A Roadblock to Your Own Comfort

“You’ll never understand unless you go through it.” I understand the heart where this phrase comes from but I wish it did not exist.

Lately, it seems like I run into people who are going through an extreme life-altering circumstances, whether it is the loss of a loved one, a divorce, or even something like overwhelming debt. Their popular phrase while trying to filter through their grief and difficulty is “You’ll never understand unless you go through it.” I do not disagree, but then again I do.

One of the common threads in all of life’s difficulty is loss and sorrow.

The reason why I hate the response, “You’ll never understand,” is because the hurting person who usually says this fails to fully acknowledge the person trying to help and comfort them. They discount that person and their personal losses and pain. The pain they have experienced in their lifetime…. and survived. They require exact suffering  before they allow someone to help them. God created individuals who have individual experiences, therefore no two people will ever have the same experience in their lives, everything about us and  is different.

Roadblock to Your Own Comfort

 The Roadblock to Your Own Comfort

Many of us have been trained to deal with people in tough circumstances wisely. I have been taught you are never supposed to say to a hurting person, “I know exactly how you feel,” because there is no way that we can know how any one person would feel because we are not them and we have not lived their life. This is true! But when it comes to  the “counselors” needing the counseling and comfort they forget the other side of the coin and create roadblocks of rejection to their own comfort.

Requiring others, when you are hurting, to have exact suffering hinders the power of comfort through the Holy Spirit’s leading.

The Bible instructs us in I Corinthians 12:26, to rejoice with those who rejoice and to suffer with those who sorrow. The church body should be able to feel when one of their members is hurting and help them without feeling shamed for their lack of experience in that specific area.

I just fear that we sometimes demand that the comforters be exactly like us before we allow them to have any credibility. The truth is, no one will ever be like us and no one will ever know our heart’s sorrows like Jesus (Isaiah 53:3,4).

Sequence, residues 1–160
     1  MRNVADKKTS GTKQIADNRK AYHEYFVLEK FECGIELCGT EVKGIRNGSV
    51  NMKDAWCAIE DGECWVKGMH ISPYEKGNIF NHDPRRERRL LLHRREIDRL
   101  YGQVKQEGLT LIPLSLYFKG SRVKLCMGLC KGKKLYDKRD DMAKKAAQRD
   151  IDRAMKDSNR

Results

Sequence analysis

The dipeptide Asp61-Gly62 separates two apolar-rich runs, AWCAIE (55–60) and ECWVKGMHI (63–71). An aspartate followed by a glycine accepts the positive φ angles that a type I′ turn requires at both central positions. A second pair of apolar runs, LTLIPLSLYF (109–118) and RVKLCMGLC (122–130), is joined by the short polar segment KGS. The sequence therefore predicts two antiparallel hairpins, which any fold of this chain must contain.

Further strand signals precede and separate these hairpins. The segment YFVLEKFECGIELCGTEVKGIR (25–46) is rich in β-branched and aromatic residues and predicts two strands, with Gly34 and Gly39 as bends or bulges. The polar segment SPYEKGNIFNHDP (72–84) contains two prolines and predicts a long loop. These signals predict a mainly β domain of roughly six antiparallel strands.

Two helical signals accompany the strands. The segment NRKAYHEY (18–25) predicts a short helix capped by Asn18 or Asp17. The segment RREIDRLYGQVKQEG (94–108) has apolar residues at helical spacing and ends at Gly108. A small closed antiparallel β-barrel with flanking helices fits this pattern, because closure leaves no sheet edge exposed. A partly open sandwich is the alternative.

What I wish I could say…

Often I have reached out to offer love and support and found closed hearts and rejection. It has made me want to cry because I hurt with them whether they realize it or not. In the quietness of my heart I want to say, “I know hurt and loss too, and I’m sorry that you’re hurting. I know life is not easy and God does not always explain the reasons why He does things, even to His servants. In the darkest hours, when you feel rejected and despised, God still loves you. Please do not be so harsh when people try to be kind. I do not always know what to say or say it correctly but God has put in me a heart of compassion to extend a merciful hand of comfort. Please accept my words of consolation as genuine extensions of acknowledgement that you are hurting. I am hurting because you are.”

I want to go on to tell them, “All sorrow is painful no matter what form it comes in. I know the sorrow of not having a father in my life. I know the loss of divorce and the struggle of being in a single-parent home. I know the loss of friendships and material things when we lost our home in a fire. I cannot change my losses or suffering because God did not plan my life to be exactly like yours. I do not know precisely what you are going through but I can relate.

Please do not reduce my past hurt and the experiences God has led me through and exalt your own.  God has taught me so much and perhaps a few of the gems He gave me along the way were supposed to be shared with you. Sadly, you won’t allow me to share them with you because I’ve never experienced what you’ve gone through before.”

“When you are hurting not everyone will say the right things. You may be hurt because others are ignorant or selfish. Look for those that are reaching out to you in a special way. Give them a chance to possibly be the channel in which God comforts you. Please accept my love and concern as a touch from God.”

The last thing I would say is this,

“Reach out to God and boldly approach the throne of grace to help you through this trial you are going through. Then, look for those who are reaching out and accept their love. I want to be an extension of God’s love and comfort to you, if you’ll let me. Trust me, it will do a soul and body good! Lord willing, down the road, your trial will be able to help someone else in your life and ministry. “

Seeing then that we have a great high priest, passed into the heavens, Jesus the Son of God, let us hold fast our profession. For we have not an high priest which cannot be touched with the feeling of our infirmities; but was in all points tempted like as we are, yet without sin. Let us therefore come boldly unto the throne of grace, that we may obtain mercy, and find grace to help in time of need. Hebrews 4:14-16

I know that I am not always understood when I try to comfort those with different circumstances than mine, and although I hate that phrase that I can still bring them and their needs boldly before the throne of grace in prayer. I will not be offended when people create these roadblocks to their own comfort but will do my best to follow the Holy Spirit’s leading in what He wants me to do toward them.

Lord, please guide me and help me know how to help people who are hurting and allow this article to help them understand the other side of the coin.